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Megan McArdle

When Bread Bags Weren't Funny

We've become so rich that we have forgotten something that is well within living memory: Americans used to have much, much less.
Caution: Don't stop on the tracks.

Caution: Don't stop on the tracks.

Photographer: John Moore/Getty Images

Last week, in her State of the Union response, Joni Ernst mentioned going to school with bread bags on her feet to protect her shoes. These sorts of remembrances of poor but honest childhoods used to be a staple among politicians -- that's why you've heard so much about Abe Lincoln's beginnings in a log cabin. But the bread bags triggered a lot of hilarity on Twitter, which in turn triggered this powerful meditation from Peggy Noonan on how rich we have become. So rich that we have forgotten things that are well within living memory:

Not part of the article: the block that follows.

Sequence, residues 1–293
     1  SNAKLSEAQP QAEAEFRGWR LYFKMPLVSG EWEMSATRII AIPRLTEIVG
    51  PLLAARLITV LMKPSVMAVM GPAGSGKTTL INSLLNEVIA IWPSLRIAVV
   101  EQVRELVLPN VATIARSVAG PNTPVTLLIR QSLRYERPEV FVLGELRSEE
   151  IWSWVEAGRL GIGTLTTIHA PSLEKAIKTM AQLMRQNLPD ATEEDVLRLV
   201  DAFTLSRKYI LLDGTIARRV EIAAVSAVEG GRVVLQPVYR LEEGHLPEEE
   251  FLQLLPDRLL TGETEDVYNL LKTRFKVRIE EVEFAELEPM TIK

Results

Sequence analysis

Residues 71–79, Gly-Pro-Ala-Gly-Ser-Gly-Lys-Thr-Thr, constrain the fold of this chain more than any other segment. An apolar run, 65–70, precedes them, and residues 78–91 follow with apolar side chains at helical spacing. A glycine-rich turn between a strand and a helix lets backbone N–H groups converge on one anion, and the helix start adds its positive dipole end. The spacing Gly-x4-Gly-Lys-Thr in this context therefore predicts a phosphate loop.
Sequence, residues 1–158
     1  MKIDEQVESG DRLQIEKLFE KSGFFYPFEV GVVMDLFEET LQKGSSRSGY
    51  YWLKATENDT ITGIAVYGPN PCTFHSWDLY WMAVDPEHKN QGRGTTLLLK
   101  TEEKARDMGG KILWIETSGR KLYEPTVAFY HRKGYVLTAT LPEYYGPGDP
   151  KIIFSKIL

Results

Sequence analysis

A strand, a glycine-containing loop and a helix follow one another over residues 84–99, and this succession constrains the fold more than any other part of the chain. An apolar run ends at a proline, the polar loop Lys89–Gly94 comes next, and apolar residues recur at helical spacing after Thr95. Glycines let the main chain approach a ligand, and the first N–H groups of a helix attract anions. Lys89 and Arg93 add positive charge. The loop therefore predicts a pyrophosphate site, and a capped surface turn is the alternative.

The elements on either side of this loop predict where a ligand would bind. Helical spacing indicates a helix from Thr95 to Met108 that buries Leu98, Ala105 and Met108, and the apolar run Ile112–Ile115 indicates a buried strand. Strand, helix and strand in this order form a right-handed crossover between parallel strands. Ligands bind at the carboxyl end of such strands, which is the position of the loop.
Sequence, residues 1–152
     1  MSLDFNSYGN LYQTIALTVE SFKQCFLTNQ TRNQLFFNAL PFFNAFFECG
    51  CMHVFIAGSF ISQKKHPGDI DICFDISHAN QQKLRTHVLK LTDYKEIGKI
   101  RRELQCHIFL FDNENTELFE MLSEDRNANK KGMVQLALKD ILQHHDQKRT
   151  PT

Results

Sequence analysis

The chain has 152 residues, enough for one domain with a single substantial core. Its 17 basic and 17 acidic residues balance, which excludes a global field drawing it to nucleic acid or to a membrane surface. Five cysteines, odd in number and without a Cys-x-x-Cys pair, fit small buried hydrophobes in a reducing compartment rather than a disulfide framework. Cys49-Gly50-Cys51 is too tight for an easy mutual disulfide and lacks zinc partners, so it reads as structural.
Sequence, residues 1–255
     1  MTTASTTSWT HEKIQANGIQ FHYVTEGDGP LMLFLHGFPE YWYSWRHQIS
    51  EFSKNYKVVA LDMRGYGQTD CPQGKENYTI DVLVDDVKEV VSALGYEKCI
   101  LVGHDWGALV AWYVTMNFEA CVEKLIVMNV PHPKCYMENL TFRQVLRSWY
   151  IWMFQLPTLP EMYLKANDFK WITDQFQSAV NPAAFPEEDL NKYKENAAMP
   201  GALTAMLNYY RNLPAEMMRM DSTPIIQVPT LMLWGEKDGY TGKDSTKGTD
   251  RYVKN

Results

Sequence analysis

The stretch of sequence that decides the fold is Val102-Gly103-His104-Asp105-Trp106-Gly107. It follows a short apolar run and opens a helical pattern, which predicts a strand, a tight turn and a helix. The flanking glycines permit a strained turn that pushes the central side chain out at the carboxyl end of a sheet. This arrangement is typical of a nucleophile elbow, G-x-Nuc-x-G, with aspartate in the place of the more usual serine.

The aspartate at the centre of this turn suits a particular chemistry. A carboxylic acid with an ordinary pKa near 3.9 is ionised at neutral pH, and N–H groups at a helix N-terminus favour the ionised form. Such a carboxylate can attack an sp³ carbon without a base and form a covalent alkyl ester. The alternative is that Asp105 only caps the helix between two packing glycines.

I am a few years younger than Noonan, but I grew up in a very different world -- one where a number of my grammar school classmates were living in public housing or on food stamps, but everyone had more than one pair of shoes. In rural areas, like the one where Joni Ernst grew up, this lingered longer. But all along, Americans got richer and things got cheaper -- especially when global markets opened up. Payless will sell you a pair of child's shoes for $15, which is two hours of work even at minimum wage.